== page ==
The state of Sabah, Borneo, is home to one of the richest areas of wild fauna and flora in the world. Sir David Attenborough has visited more than once for his famous documentaries and the wild life surely has to be one of the top attractions for any visiting tourist.
Our first stop would be the Turtle Island Sanctuary, just off the coast of the town of Sandakan, in the Sulu Sea.
Turtle Island Sanctuary is made up of 3 islands, Pulau Selingaan, Pulau Bakkungaan Kecil and Pulau Gulisan, that play an important conservation role in the lives of the local turtle population, in particular the Green Turtle and Hornbill Turtle.
The current turtle population in under threat – turtle eggs have become a highly sought after delicacy through Asia, which in turn is seeing a devastating effect on the future generations of these species. A handful of full time rangers dedicate their time and effort to foster the delicate process of human intervention in the turtle conservation process. Selingaan Island is open for visitors, restricted to just 50 per night, to keep the state of the island as undisturbed as possible. We were a handful of a few visitors allowed to visit for a very special evening and night!
Each night, rangers scour the beaches at night for any ‘Mumma turtle’ landings. Any new Mumma’s are tagged and once they have completed their egg laying process, their eggs are delicately removed and taken straight to the hatchery to be buried, and tagged along with the date the eggs were laid. Once ready, the eggs are hatched, generally 60 days later, and the baby turtles are released back into the ocean.
This whole process was thrilling and exhausting! We waited until 11pm that night to view a Mumma turtle landing on the beach. We quitely stood behind her as she laid her eggs and watched the ranger delicately removing the eggs.
After watching the Ranger bury the eggs, it was back down to the beach to help the newly hatched baby turtles born that day be released into the midnight waters. This is a delicate operation as it should be about the turtles making their way to the water as unassisted as possible. A few, however, need a little help being turned around and pointed in the right direction!
Staying at turtle island and witnessing this precious moment in the wild will be something that sticks with me for years to come.
Borneo Sun Bears
Home to the smallest bear in the world, the Borneo Sun Bear Conservation Facility in Sabah, are doing amazing things for the conservation of these cuties.
A canopy walk around the main large enclosure allows visitors to view the Bears in the natural habitat. They are very good climbers and can often be heard fighting with the fellow residents!
Like the Orangutan, the Borneo Sun Bears are under constant threat due to forest degradation, illegal poaching for Bear parts and the hunting of Bears as pets.
Donations and the continued support of the Facility keep this good work up. The Facility is open daily from 9am – 3:30pm, with cost around 30RMB for adult foreigners.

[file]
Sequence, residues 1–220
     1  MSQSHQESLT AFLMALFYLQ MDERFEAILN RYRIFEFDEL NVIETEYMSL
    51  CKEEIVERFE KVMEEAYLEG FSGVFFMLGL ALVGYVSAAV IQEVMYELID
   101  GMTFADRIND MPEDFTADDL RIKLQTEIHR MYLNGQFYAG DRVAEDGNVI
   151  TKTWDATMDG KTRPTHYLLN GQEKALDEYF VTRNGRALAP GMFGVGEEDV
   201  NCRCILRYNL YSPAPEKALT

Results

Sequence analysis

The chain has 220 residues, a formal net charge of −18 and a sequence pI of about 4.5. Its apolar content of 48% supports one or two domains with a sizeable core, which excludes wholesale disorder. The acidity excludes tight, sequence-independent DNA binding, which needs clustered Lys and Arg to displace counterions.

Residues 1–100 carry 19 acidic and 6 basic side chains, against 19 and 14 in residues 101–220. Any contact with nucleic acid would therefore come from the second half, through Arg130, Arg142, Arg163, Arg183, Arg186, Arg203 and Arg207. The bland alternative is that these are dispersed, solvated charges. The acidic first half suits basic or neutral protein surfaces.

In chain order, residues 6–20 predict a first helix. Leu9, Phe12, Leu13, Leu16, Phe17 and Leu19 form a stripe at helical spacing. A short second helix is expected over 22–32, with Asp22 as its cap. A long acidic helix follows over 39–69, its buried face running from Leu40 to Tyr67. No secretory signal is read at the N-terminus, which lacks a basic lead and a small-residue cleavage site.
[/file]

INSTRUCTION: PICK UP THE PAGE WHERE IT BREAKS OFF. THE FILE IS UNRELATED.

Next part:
Kinabatangan River cruises
The Kinabatangan River winds its way through some of the most diverse and popluated wildlife areas in all of Sabah. Making our way via a quick 5 min boat ride to our accmodation for the night, we were soon briefed on what kind of Sabah wildlife we might be able to see during our evening cruise that night, and the morning cruise the following morning.
Our tireless group leader Ronnie gave us some great information on the 5 main primates that could be found along the river.
That evening as we took off in our boats along the river, we were not dissapointed. Our first great find was a massive group of Pigmy Elephants eating and playing in the water in the dusk light! We were really lucky to see so many of these beautiful creatures as they are usually quite shy.
We then met many of the Primates that Ronnie previously described to us, including several tribes of Prosbicis Monkeys, Macaques and the big one – an actual wild Orangutan! I didn’t think there was any left in the wild. Such a great find! We were also treated to a range of beautiful local birds, including my favoutite, the Rhinocerous Hornbill.
Sepilok Orangutan Sanctuary
The Park is well set up with boardwalks through the forest allowing an open interaction but with minimal human interference. Open platforms and decks allow visitors to view the Orangutans during their feeding times. Food is minimal and intentionally boring in order to allow the Orangutans to forage food for themselves. Feeding times are at 10am and 3pm.
The most popular area had to be the new Nursery. A one way window allows you to view the residents undisturbed as they enjoy their jungle swing gym. Watching these guys wrestle with one another, as well as getting scolded by the owners for being ‘naughty’ is defintely a treat. The skills the baby orangautans learn here are vital for the survival back in the wild. You can tell the volunteers and workers genuniely love caring for these rare primates.
The Sanctuary is open every day of the year, the cost for foreigners is 30RMB plus a 10RMB for the use of cameras.
Sabah, Borneo, is home to some amazing wildlife. It was incredible to be able to get a glimpse of such diversity on just one trip. The destruction of forestland, in particular for the controversial Palm Oil, is saddening, and the attempts to try and reverse this impact on the wildlife may be irreversible. I think as visitors to Sabah it’s important to be educated, as well as being informed about purchases involving palm oil when returning home. I hope the state of Sabah can continue their great work in preserving this great wild life.